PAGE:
It’s been an intensive week of genomics here at the American Society of Human Genetics meeting, and I haven’t been able to grab time to blog as much as I’d have liked. In fact there’s a whole load of genomics news I’ll be trying to cover in some detail over the next couple of weeks; for the moment, though, I couldn’t let today’s presentation from personal genomics company 23andMe go by without at least some comment. (For other coverage of the conference, do check out Luke Jostins’ blog coverage and the stream of live analysis on Twitter.)
The 23andMe presenter (Nick Eriksson) delivered an overview of the potential of the 23andMe cohort for association studies: all 23andMe customers have genetic information for over 500,000 common genetic variants, and they are also encouraged to provide self-reported phenotype data on a wide range of traits ranging from the presence of detached earlobes to longitudinal tracking of Parkinson’s disease symptoms. Eriksson reported that the company now had sufficient numbers of returned surveys to perform genome-wide association studies for 22 traits, with sample sizes ranging between 2500 and 6000 individuals – reasonable sample sizes for an initial look at the genetic architecture of a complex trait.
The company seems to be doing a reasonable job of identifying and controlling for the various potential confounders that plague genome-wide association studies, such as population structure. However, 23andMe faces an unusual challenge that standard academic GWAS consortia don’t: the possibility that a subject will give a biased trait report after seeing their own genetic data.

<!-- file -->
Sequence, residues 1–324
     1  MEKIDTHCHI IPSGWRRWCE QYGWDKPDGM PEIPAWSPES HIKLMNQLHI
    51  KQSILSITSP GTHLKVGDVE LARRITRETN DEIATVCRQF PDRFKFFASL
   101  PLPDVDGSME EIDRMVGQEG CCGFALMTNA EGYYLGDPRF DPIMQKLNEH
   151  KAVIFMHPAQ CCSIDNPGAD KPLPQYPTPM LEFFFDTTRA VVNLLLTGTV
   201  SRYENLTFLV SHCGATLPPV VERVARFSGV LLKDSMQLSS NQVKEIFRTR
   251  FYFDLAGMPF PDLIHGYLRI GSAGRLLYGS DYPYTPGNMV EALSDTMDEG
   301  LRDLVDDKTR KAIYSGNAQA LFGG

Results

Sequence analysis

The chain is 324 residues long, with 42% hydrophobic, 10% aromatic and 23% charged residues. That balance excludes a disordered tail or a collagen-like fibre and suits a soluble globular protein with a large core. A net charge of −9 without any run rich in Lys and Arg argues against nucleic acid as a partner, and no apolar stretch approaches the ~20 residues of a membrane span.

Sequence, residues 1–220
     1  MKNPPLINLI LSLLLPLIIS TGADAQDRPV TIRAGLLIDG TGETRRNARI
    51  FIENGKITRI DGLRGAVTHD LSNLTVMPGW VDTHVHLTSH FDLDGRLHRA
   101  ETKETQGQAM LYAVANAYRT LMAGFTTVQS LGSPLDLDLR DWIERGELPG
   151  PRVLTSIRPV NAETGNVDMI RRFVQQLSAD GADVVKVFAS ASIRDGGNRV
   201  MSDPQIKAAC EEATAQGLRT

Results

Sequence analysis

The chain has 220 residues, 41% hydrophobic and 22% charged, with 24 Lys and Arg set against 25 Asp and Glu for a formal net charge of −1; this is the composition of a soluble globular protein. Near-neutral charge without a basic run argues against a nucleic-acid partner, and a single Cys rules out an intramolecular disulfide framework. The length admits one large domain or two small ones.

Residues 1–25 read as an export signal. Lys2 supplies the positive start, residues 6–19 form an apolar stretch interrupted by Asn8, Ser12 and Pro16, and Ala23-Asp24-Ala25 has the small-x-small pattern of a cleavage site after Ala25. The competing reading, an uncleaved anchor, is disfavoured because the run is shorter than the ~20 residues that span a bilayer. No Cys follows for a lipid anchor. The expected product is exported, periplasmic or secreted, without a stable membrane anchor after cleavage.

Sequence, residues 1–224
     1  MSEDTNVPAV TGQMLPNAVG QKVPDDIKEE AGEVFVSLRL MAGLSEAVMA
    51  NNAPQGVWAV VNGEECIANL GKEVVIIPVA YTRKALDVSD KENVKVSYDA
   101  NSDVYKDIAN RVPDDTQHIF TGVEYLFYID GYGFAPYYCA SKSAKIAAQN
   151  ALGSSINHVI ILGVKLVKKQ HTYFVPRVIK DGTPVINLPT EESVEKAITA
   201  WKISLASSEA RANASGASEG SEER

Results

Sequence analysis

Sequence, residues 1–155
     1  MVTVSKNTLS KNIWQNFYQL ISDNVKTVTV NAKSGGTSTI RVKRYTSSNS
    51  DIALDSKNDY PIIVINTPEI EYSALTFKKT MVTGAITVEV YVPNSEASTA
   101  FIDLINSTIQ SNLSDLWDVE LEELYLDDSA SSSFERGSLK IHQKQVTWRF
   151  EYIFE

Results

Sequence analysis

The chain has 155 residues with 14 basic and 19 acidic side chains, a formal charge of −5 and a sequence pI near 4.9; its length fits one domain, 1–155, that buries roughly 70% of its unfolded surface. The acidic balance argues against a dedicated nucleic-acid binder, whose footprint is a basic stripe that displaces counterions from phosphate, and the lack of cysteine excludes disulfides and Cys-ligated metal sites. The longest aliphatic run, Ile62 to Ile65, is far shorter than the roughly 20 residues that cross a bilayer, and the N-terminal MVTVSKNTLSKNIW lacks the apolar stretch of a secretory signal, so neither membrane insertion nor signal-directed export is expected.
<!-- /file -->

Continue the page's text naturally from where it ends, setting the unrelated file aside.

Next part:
This was powerfully illustrated by results from the “athlete gene” ACTN3 (a gene close to my own heart). There was no association between the athletic performance-associated variant in this gene and self-reported sprinter/endurance preference in individuals who hadn’t seen their genetic data – but in individuals who had already seen their genotype there was a marked shift towards carriers of the “sprint” or “endurance” allele self-identifying with those respective categories. In other words, people were altering their self-reported athletic affiliation on the basis of their genotype; Eriksson estimated that around 25% of individuals must be shifting their self-identification to explain the effect, a staggeringly large number.
Eriksson played down the potential impact of this effect, but this is still a rather worrying finding for a company relying on self-reported (and often quite subjective) phenotype data from a customer base that has often peeked at their genetic data before ever filling in a survey; at the very least there is potential for inflation of apparent association with known markers already in the 23andMe database. One way around this might be to provide some kind of incentive for customers to complete phenotype surveys before they ever see their genotype data, perhaps by providing discounts on future product updates.